Putting a watermark on your photos is important if they’re going online. In this tutorial I’m going to give you some simple guidance for making and using your own.
(I’ve captured this tutorial in Elements 9, and it’s relevant to all versions of Photoshop and Elements. Please also note that I have zero design skills, so please don’t laugh at my feeble watermark!)
Part 1: Plan it
As always, a bit of forethought goes a long way. Take a little time to conceive your design. This might involve surfing the web to look at other people’s watermarks for inspiration; or it might just mean scribbling some ideas with pencil and paper.
Part 2: Make it
I’ve always found it’s best to actually make your watermark on a photo. This might seem plainly logical to some of you, but I’m a bit surprised at the number of people who design their watermark on a plain white background, and don’t really know how it looks on a photo until they try it out afterwards.
Also, it’s a darn good idea to make the watermark bigger than you’ll ever need it. Therefore, I make mine on full-res photos, even though I’m only likely to use it on a low-res one.
Pick any old photo, really. I’ve chosen this one of a snoozy koala:
So, I start. I type my name …
… then try a few fonts and choose one I like:
Then I add the next layer of text, and choose another font:
I want to add a little extra embellishment, so I choose the Shape Tool …
… and choose a custom shape from Photoshop’s extensive library:
(If you’ve never really looked at all the shapes that come with Photoshop, do yourself a favour. There’s lots of fun stuff in there.)
Then I draw the shape beneath the watermark. Now I have three layers comprising the design – two text layers and a shape layer:
If I want to move the watermark around, without the different elements separating, I select all the layers at once. I do this by first selecting the top layer, then holding down the Shift key, and selecting the bottom layer. This highlights all the layers, and I can use the Move Tool (V) to move the watermark around.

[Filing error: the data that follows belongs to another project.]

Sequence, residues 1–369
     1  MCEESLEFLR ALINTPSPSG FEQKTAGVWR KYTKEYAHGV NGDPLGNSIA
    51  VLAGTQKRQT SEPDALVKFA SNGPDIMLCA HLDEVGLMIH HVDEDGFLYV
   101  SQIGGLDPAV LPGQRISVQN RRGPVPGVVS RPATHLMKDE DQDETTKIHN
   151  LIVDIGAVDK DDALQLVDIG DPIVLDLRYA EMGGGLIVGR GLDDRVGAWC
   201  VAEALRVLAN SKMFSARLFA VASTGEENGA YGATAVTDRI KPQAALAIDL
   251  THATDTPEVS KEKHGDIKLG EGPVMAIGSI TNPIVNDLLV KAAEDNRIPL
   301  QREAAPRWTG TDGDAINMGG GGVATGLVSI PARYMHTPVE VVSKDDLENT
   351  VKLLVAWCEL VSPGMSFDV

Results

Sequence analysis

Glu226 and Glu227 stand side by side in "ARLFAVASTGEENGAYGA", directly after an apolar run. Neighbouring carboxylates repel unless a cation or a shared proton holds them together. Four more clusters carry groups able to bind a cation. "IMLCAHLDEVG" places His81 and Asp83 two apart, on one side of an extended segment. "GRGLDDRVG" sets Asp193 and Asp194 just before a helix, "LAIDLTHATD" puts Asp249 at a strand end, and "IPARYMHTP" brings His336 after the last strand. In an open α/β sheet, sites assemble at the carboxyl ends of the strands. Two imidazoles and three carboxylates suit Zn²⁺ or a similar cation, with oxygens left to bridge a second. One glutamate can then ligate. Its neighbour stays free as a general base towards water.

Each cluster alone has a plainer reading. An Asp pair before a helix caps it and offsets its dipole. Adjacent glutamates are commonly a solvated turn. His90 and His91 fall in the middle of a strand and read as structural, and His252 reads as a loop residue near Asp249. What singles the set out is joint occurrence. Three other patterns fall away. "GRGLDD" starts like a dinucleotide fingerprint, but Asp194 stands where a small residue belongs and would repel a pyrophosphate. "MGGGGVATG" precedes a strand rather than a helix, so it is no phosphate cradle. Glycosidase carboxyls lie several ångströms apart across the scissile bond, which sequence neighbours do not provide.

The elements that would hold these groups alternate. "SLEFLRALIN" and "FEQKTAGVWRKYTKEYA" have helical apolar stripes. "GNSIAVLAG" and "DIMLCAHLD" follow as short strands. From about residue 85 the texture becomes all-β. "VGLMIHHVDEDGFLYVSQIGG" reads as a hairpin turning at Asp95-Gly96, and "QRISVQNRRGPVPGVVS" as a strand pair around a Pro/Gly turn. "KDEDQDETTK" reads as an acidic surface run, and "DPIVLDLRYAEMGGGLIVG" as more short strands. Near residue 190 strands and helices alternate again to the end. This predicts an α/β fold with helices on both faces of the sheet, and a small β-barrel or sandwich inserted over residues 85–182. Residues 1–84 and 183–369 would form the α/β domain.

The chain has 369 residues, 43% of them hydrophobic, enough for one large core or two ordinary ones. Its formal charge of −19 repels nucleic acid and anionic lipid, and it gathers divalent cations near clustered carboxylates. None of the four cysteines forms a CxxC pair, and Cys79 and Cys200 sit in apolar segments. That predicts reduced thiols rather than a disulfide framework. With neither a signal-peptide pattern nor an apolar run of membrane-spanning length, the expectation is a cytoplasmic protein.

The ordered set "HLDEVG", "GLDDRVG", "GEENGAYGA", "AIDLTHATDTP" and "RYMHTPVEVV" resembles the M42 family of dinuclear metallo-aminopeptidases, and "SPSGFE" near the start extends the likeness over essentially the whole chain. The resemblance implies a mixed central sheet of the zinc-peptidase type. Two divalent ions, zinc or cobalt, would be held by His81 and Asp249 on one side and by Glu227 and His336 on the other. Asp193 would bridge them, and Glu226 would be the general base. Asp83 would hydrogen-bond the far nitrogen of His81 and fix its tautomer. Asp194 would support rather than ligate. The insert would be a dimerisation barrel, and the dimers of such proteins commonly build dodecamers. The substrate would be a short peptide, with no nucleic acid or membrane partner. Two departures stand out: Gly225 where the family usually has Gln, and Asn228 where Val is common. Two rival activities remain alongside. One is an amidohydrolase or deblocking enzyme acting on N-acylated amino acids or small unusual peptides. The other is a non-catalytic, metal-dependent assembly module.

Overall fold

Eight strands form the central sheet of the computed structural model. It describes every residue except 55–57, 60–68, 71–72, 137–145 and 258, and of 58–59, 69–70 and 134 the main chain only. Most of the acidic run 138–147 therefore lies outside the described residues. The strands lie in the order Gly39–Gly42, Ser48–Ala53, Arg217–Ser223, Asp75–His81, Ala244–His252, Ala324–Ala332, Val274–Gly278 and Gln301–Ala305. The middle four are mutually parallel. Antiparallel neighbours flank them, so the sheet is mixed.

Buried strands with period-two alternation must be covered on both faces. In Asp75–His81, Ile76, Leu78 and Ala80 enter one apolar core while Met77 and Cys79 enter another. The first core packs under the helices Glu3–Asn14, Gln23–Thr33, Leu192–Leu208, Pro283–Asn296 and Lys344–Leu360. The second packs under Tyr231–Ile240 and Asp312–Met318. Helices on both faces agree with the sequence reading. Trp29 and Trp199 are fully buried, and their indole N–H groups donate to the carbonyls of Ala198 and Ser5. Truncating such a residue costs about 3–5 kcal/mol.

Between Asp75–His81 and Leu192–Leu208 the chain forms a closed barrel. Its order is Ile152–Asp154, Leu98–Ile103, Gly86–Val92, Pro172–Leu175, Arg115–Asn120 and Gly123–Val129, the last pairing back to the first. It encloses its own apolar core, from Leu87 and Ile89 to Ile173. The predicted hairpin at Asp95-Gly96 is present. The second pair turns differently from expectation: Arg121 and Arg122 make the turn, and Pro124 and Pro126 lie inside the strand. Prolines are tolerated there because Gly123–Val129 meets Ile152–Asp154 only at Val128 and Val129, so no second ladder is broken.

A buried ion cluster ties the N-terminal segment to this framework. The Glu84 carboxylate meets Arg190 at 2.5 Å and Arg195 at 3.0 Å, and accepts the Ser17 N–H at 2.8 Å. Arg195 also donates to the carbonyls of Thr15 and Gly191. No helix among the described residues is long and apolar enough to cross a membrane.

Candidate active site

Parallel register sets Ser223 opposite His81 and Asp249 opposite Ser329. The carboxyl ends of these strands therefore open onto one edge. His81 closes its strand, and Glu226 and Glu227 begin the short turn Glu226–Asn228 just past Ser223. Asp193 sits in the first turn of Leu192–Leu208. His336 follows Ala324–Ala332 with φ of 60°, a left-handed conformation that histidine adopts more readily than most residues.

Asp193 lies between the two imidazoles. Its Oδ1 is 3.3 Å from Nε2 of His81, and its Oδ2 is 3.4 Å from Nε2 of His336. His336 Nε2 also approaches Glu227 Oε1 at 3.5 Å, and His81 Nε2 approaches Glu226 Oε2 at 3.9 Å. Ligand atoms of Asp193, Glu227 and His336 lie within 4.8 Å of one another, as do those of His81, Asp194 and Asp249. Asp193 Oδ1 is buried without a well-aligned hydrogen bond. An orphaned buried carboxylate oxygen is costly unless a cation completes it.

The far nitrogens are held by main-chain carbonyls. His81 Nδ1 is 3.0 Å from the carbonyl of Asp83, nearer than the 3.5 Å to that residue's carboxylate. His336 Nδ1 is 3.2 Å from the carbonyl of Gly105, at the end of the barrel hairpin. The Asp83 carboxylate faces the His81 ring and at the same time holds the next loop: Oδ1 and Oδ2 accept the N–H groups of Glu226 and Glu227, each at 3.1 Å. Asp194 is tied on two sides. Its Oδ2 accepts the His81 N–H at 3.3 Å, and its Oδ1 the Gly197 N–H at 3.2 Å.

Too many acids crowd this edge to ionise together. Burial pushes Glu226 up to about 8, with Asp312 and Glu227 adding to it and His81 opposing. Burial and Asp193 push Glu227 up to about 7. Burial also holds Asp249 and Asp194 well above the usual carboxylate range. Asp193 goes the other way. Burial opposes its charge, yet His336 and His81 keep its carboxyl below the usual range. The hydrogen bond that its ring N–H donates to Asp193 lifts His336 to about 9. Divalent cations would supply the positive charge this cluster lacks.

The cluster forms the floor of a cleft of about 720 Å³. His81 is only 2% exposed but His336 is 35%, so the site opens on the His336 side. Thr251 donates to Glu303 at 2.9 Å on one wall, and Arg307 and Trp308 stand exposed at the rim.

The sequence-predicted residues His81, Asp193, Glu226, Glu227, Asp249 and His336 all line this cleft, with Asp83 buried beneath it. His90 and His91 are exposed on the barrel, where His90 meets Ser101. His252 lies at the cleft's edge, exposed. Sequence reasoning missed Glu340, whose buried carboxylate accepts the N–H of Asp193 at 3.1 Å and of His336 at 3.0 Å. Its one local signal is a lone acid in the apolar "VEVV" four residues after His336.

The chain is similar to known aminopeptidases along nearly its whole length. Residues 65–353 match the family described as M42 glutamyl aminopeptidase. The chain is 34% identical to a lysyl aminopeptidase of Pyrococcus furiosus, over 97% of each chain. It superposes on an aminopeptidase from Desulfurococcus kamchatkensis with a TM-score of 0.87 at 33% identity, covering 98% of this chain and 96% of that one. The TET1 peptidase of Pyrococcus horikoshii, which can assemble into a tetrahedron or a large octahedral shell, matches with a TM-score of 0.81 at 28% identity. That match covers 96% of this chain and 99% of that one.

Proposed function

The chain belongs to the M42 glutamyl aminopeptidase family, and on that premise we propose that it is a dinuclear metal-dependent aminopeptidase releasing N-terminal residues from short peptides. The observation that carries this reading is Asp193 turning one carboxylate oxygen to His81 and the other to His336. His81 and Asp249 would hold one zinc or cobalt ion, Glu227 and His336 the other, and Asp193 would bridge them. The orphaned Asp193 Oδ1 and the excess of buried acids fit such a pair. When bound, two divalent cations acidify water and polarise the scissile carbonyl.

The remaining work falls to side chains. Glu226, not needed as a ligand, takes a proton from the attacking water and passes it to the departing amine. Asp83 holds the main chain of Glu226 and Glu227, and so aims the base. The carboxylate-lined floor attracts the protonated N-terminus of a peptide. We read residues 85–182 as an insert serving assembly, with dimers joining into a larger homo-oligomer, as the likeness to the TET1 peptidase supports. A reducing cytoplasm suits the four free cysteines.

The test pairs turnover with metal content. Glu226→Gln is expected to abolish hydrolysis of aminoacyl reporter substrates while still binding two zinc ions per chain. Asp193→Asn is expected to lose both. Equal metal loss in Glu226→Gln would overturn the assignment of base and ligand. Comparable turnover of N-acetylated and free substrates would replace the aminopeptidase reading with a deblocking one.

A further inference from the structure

Time to modify things and jazz it up. I select the "WATERMARK" text layer, then go to Layer>Layer Style>:
(The above menu slightly differs between Elements and Photoshop, but you’ll get the idea.)
I add a bit of a stroke to the text:
And I lower its opacity a bit:
(Please note that there’s little point in playing with the Layer Blend Modes when making a watermark, because they don’t transfer onto the image when used.)
Now I select my name layer, and change the colour to blue:
On the shape layer, I add a Bevel layer style (I’ve zoomed in so you can see it a bit better):
(At this point, the design-conscious among you will be feeling nauseous at my hodge-podge of styles. I’m just throwing a few things together to give you some ideas of what can be done.)
I re-arrange the layer order a bit, and move the shape layer upwards so it’s overlapping the text:
At this point, I think I’m done. But there’s one more important thing to do, and I urge you not to forget this step. I have to move the watermark around to various parts of the image, and check its visibility and clarity.
When I place it over a dark area – the tree trunk – I see that the blue text gets a bit hard to read:
I have a few options. I could just not worry about it – that’s the easy way 🙂 I could dabble with different text colours. Or I could play with more layer styles.
I decide on the latter. I add a bit of soft white "outer glow" to make the text stand out from the image a tiny bit more:
Finally I’m satisfied. The last step is to delete the background layer so that the watermark is on a transparent background:
Then crop away the excess space:
File > Save As …
… and save it as a PSD file:
Then I close it. I don’t need it open any more.
Part 3: Use it
Now I open a new photo. This is the one I want to upload somewhere. I shrink it to web size, flatten it, sharpen it, yada yada yada …
Then, File>Place (if your software gives you a choice of "Place Embedded" or "Place Linked", choose Embedded) …
… and choose the watermark file, and it appears in the centre of the photo:
The transform handles are active, so I can resize it if I need to, and move it around to where I want it:
I press Enter to finish the transformation (I can Ctrl-T to do it again later if I need to).
I can stop there if I wish. Or, I can play with blend modes …
… or opacity. Whatever suits my style … or mood … or whatever.
Then I save for web, and it’s ready to go!
- Now that you’ve learned how to make and use a watermark, learn how to build it into an action (Photoshop only).
- Some people say you have to save a PNG file to be a watermark. This is absolute nonsense. PSD is the best format – not only can it have that transparent background which is so important for a watermark, it is also completely easy to come back and edit it later (eg if I decide I want my name in red not blue).
- Other people turn their watermark into a brush. This is really restrictive, and I don’t recommend it. A brush can only be one colour, and it can’t be batch-processed. Use this PSD/Place method instead.
If you have a question about this article, please feel free to post it in Ask Damien.